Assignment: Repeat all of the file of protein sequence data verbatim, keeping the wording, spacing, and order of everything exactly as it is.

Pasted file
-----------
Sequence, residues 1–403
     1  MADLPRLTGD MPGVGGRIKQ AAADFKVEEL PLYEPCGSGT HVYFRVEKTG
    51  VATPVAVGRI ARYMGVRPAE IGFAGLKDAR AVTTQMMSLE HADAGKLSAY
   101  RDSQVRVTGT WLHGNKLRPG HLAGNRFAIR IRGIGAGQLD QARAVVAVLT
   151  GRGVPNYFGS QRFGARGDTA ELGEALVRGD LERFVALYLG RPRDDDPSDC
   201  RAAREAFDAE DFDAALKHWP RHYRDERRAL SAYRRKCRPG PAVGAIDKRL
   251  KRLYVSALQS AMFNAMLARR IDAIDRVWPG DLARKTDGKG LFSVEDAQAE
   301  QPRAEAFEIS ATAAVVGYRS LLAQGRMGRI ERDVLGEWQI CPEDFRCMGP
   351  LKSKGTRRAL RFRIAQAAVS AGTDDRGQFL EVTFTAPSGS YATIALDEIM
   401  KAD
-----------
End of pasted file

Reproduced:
Sequence, residues 1–403
     1  MADLPRLTGD MPGVGGRIKQ AAADFKVEEL PLYEPCGSGT HVYFRVEKTG
    51  VATPVAVGRI ARYMGVRPAE IGFAGLKDAR AVTTQMMSLE HADAGKLSAY
   101  RDSQVRVTGT WLHGNKLRPG HLAGNRFAIR IRGIGAGQLD QARAVVAVLT
   151  GRGVPNYFGS QRFGARGDTA ELGEALVRGD LERFVALYLG RPRDDDPSDC
   201  RAAREAFDAE DFDAALKHWP RHYRDERRAL SAYRRKCRPG PAVGAIDKRL
   251  KRLYVSALQS AMFNAMLARR IDAIDRVWPG DLARKTDGKG LFSVEDAQAE
   301  QPRAEAFEIS ATAAVVGYRS LLAQGRMGRI ERDVLGEWQI CPEDFRCMGP
   351  LKSKGTRRAL RFRIAQAAVS AGTDDRGQFL EVTFTAPSGS YATIALDEIM
   401  KAD